AI-powered surveillance might sound like the plot of a Spielberg film, but the technology is no longer science fiction. Machine learning is used to improve facial recognition algorithms, allowing law enforcement and first responders to quickly and accurately obtain information during an emergency. The technology is already in use in many public spaces and in the newest crop of home security devices.
AI-powered facial recognition raises important questions about privacy, but the technology has the potential to dramatically improve your safety.
Video surveillance has existed for decades, but trawling through hours of recorded footage for a single individual or a single moment limits its usefulness. AI can bypass these limitations and search through surveillance footage for specific patterns at a rate that humans could never meet, potentially identifying threats, emergencies, or even individuals at a moment’s notice.
This technology is already in use today. In August 2017, the New York Department of Motor Vehicles revealed that AI-powered facial recognition technology was used to aid in over 4,000 arrests by utilizing the DMV’s database of driver’s license headshots. Video analysis is getting smarter too; a pilot program in Japan utilizes AI-powered surveillance systems in rail stations to identify anomalous behavior indicating intoxication or criminal behavior, heading off more serious incidents before they occur.
“We are recognizing a precursor pattern that may be associated with a crime that happens,” said Wesley Cobb, chief science officer for BRS Labs — the company responsible for similar cameras installed in Boston after the 2013 marathon bombing — in an interview with Bloomberg. Unusual loitering activity or trespassing can be automatically detected using behavior patterns, allowing a quicker response time when things escalate to a crime or emergency.
Like many revolutionary technologies, AI surveillance quickly made the jump to the home security market. Security cameras that use machine learning to track visitors in your home are already on the market from manufacturers like BuddyGuard. These devices use onboard AI systems to learn the faces of trusted visitors and family members, automating the process of threat detection.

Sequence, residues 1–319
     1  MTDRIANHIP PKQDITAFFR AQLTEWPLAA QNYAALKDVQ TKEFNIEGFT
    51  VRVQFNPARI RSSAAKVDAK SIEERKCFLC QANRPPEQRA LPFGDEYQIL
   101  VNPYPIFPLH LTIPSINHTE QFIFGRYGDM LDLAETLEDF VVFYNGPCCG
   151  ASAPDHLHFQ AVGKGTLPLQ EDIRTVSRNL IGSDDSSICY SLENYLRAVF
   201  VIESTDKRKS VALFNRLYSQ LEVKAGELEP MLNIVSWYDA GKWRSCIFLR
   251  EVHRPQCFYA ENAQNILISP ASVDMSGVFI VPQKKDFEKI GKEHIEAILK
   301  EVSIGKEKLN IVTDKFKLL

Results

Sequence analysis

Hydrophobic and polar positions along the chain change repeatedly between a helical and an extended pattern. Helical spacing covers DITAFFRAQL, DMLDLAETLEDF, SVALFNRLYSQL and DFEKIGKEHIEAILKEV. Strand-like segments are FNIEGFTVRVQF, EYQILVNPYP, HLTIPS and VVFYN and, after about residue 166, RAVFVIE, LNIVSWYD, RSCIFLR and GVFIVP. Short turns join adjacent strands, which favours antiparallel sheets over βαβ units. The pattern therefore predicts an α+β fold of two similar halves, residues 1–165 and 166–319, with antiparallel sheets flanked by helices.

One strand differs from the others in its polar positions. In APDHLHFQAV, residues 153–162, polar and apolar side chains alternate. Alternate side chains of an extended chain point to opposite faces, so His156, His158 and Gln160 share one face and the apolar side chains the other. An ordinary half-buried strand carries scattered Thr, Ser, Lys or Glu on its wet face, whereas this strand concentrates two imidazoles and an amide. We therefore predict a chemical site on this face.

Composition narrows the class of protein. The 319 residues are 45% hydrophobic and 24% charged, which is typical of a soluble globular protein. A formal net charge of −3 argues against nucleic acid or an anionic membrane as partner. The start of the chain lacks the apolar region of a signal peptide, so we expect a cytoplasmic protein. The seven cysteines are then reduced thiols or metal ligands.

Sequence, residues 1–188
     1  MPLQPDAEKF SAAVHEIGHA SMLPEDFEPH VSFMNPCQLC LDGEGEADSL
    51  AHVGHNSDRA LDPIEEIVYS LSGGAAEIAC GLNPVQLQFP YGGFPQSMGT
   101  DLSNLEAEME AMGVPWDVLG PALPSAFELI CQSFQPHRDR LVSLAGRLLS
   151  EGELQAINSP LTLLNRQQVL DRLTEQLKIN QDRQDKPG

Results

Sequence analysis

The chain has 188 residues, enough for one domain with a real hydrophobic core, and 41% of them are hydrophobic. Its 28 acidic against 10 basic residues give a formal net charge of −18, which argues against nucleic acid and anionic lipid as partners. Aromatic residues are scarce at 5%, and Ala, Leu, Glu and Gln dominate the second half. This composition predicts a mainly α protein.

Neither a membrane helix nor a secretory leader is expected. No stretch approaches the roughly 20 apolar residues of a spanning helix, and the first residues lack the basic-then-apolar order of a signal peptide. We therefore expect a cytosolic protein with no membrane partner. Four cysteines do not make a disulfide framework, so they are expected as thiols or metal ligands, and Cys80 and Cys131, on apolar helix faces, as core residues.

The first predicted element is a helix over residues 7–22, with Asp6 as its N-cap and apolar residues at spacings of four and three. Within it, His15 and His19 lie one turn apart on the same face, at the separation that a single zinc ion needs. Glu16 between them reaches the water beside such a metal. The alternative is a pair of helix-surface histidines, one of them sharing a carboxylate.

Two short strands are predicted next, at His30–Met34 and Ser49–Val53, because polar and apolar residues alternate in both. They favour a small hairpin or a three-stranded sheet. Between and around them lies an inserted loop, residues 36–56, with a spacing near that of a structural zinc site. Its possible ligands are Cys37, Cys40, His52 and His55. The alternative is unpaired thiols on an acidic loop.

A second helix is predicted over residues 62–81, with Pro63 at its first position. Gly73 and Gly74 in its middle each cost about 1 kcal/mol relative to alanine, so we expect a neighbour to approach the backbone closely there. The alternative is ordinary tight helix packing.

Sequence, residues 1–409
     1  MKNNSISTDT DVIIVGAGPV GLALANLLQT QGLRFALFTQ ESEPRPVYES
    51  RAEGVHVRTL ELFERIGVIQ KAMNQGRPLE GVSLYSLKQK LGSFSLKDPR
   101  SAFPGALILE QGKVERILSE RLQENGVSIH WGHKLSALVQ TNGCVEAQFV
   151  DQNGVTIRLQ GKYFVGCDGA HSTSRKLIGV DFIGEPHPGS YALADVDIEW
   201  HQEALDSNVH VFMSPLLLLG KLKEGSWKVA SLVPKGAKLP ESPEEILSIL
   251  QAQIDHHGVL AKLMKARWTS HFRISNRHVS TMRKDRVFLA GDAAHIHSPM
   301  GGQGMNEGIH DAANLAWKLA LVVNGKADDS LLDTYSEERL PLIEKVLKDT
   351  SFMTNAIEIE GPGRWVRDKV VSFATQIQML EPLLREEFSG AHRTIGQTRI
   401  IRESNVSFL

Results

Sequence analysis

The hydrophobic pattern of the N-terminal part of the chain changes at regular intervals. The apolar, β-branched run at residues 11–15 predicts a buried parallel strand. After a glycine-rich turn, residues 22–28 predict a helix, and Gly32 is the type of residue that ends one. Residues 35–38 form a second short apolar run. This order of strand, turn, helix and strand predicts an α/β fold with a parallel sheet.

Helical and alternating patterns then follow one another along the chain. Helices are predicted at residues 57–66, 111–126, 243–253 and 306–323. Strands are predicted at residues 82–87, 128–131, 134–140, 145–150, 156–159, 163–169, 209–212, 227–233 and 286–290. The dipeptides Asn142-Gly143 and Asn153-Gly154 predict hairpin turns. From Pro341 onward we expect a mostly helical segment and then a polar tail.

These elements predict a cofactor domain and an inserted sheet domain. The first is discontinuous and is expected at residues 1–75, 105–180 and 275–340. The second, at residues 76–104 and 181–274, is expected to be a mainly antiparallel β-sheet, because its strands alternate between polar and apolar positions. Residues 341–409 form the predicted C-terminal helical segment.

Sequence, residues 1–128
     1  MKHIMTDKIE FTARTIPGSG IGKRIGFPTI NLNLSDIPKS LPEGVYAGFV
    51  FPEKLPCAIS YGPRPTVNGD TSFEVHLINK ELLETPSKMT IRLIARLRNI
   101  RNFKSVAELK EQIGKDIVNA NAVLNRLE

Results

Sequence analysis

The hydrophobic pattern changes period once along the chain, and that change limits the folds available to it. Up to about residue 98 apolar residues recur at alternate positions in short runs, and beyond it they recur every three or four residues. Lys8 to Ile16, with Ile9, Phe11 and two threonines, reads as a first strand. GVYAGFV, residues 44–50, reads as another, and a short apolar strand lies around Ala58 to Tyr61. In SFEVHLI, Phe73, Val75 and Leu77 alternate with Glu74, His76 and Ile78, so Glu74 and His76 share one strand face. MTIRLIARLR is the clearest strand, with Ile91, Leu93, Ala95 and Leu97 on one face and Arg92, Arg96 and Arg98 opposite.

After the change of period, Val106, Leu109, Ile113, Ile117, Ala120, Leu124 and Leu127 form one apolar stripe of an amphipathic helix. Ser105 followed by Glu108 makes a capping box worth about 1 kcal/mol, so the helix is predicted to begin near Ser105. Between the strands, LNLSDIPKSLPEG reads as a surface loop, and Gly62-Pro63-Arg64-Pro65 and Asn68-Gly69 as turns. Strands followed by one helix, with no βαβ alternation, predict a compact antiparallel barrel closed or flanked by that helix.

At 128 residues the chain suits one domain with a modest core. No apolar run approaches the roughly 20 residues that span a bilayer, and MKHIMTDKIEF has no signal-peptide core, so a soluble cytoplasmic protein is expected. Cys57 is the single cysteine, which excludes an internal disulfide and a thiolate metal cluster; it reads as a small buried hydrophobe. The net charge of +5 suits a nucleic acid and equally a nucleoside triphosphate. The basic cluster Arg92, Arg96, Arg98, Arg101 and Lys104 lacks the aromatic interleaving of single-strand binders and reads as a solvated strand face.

The technology is effective enough to reliably recognize friends and family — even pets — and flag intruders or unexpected guests instantly. New systems like BuddyGuard’s Flare can even notify first responders autonomously in real time, drastically escalating response rates if someone breaks in. The technology has significant implications for home security, since these systems decrease subscription costs to human-monitored services, using the same principles of efficiency that make them so revolutionary in public spaces.
The end of privacy
The technology and potential applications of AI-powered facial recognition are teetering on the precipice of a big breakthrough. As the technology becomes less expensive to implement, it should quickly become ubiquitous in any public space with a security camera. Stadiums, airports, city streets, and just about any commercial business may one day automatically track your face and your behavior to watch for anomalous actions, effectively changing privacy as we know it.
The moral and ethical implications of this technology are staggering, and there could be very little you can do about it. Given the potential benefits to emergency response during a kidnapping, an act of terrorism, or even a petty crime like public drunkenness, these AI-powered surveillance systems are all but inevitable. The technology can dramatically improve safety, but the potential for abuse is high, and the implications for wrongful targeting are unsettling, to say the least.
Living in an AI world
If policies and practices align with the objectives for AI-powered surveillance, there’s huge promise in the technology. This surveillance doesn’t have to result in constant monitoring or a police state; effective usage and, ultimately, a human presence when critical decisions are made will be hugely important as this technology matures.
For homeowners looking to improve their personal safety, these technologies are relatively benign. An AI-powered home security device can let you know when your dog was last let out or alert you when your children get home from school. These practical applications highlight a brighter future for AI tech that provides convenience without Orwellian implications. Time will tell where the privacy thresholds surrounding AI tech ultimately settle — and whether the technology’s best intentions are met.
Emily Long is a writer who covers tech, home automation, and finance, with the occasional dive into health and wellness.
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